Doctor of Philosophy (PhD)



Document Type



This dissertation research leverages disaster resilience and social systems theories from the disciplines of sociology and social work to extend beyond extant literature concerned with child and family resilience to technological (i.e., human-caused) disaster. More specifically, this research seeks to characterize long-term impacts of the 2010 BP Deepwater Horizon oil spill (DHOS) on families living in South Louisiana. Three analyses utilize data collected as part of the Resilient Children, Youth, and Communities (RCYC) study, a face-to-face, longitudinal panel survey and corresponding series of focus groups that followed families living in spill-affected Louisiana parishes from 2014-2018. RCYC data include information on oil-spill related variables such as exposure, economic changes, health and mental/behavioral health concerns, health care access, neighborhood and community characteristics, and use of social media. Using these data, three analytic approaches are employed to explore unique facets of individual child, parent, or family resilience characteristics with contextual dynamics from another system of social functioning. Findings from the three studies presented in this dissertation contribute to an existing body of knowledge concerned with the effect of disaster exposure on interrelated individual, family and community systems, and the role of sociodemographic characteristics in mediating such effects. Understanding the ways in which the DHOS has impacted children, families, and communities has important implications for future research and policy work to support and foster disaster resilience in vulnerable areas.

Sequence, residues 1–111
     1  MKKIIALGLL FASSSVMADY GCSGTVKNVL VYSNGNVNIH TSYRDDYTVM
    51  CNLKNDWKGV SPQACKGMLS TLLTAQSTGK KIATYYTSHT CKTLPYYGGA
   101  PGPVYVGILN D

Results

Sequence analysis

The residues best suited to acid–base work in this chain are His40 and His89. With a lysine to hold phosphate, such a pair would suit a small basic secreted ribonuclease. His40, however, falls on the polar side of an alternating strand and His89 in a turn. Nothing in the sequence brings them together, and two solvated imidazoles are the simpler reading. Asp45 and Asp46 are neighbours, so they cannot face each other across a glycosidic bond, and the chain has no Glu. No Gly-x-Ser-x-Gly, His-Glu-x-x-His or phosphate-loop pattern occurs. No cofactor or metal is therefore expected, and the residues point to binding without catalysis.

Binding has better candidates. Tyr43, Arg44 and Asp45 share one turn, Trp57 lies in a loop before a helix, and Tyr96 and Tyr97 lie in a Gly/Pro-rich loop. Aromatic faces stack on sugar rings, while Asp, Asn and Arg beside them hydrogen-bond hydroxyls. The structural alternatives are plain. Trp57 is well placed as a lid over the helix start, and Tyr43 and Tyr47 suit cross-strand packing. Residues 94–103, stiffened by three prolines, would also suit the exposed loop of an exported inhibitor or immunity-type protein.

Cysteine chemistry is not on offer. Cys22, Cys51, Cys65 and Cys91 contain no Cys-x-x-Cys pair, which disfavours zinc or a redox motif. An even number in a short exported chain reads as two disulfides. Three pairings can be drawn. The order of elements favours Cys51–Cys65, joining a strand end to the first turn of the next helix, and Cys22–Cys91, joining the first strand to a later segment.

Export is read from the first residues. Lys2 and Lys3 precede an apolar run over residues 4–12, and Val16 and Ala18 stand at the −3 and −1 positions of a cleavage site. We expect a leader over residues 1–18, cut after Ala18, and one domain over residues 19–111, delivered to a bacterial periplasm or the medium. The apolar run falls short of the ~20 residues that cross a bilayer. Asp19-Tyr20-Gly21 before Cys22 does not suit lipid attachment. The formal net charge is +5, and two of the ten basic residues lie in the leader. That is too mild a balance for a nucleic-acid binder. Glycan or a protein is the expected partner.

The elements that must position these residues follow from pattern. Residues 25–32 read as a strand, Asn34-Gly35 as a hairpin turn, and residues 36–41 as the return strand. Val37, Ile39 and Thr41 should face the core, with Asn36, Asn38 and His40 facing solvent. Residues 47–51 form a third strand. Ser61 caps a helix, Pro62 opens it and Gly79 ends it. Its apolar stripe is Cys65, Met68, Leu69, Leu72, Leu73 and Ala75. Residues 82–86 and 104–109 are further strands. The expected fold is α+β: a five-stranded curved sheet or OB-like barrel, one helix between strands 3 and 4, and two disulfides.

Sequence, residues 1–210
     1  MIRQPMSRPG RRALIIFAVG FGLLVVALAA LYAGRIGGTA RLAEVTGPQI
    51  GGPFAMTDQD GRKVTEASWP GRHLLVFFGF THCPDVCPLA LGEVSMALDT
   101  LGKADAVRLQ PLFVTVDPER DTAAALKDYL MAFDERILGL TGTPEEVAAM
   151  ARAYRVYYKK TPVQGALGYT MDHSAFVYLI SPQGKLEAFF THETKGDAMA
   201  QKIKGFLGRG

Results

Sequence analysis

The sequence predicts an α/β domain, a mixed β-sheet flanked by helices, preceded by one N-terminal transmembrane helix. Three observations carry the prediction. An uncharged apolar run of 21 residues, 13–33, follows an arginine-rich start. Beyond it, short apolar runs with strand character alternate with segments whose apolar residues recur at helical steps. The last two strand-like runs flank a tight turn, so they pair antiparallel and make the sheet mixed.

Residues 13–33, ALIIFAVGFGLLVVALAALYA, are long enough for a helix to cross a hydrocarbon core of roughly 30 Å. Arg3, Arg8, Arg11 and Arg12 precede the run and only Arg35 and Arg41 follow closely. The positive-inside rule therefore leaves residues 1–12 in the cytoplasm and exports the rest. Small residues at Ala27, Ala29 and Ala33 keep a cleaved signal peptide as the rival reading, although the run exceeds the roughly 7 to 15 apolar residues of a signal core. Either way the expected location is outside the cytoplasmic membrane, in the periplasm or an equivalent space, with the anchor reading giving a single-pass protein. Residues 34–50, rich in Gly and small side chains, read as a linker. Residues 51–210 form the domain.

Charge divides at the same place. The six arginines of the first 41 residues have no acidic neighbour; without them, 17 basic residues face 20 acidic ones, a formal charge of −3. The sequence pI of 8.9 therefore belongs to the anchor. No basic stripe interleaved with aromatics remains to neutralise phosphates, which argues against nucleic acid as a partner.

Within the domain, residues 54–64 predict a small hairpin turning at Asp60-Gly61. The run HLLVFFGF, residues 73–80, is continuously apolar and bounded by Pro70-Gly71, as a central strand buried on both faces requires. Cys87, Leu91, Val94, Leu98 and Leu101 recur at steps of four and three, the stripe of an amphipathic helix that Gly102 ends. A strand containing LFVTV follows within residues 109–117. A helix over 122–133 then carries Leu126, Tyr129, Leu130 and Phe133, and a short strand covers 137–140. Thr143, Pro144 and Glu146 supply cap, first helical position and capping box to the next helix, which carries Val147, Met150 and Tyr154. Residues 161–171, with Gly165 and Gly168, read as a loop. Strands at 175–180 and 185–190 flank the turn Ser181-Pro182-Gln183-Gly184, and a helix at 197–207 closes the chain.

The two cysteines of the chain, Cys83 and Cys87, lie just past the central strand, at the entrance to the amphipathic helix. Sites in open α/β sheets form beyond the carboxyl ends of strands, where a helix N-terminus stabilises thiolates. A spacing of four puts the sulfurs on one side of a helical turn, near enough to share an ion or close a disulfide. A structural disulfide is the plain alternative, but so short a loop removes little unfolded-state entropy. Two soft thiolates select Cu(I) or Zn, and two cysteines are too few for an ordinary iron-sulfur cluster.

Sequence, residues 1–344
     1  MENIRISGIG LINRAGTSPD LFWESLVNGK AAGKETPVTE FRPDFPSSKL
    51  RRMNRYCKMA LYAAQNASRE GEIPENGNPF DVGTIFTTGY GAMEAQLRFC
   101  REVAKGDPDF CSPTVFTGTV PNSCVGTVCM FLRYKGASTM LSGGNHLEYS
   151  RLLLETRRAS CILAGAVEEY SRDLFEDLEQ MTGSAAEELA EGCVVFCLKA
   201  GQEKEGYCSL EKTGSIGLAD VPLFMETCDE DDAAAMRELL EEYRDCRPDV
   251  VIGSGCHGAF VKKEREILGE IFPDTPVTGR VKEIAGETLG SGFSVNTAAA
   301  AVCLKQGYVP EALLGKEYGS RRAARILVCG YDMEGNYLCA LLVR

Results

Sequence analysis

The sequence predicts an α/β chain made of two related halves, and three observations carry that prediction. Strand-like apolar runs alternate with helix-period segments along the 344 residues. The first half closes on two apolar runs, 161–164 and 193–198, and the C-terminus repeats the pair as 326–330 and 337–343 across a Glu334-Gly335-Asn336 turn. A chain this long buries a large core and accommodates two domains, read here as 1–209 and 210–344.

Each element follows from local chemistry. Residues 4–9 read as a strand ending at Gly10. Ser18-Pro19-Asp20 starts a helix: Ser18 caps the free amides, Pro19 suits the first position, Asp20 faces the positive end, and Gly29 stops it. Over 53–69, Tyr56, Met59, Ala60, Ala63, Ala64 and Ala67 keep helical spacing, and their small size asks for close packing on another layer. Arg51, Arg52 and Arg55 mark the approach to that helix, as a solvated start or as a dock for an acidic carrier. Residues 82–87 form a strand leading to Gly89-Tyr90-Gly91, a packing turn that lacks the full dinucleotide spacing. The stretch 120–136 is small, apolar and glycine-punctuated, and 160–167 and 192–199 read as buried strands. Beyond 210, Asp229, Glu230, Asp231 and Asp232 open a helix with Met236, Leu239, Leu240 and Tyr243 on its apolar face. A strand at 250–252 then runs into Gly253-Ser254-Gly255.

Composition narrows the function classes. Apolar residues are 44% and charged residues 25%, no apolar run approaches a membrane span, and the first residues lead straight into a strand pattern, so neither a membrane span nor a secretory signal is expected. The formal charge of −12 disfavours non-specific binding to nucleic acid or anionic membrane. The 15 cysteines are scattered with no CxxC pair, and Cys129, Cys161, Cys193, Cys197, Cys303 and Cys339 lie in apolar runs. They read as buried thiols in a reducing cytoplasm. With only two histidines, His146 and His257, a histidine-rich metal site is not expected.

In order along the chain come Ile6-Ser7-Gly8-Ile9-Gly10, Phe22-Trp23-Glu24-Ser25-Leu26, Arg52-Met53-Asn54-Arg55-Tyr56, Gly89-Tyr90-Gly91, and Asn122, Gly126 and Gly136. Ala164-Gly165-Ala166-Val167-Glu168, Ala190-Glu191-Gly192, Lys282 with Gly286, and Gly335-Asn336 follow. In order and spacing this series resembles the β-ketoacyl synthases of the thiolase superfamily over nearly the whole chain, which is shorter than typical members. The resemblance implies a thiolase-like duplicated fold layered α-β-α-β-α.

Committee Chair

Slack, Tim



Available for download on Monday, October 25, 2027

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Sociology Commons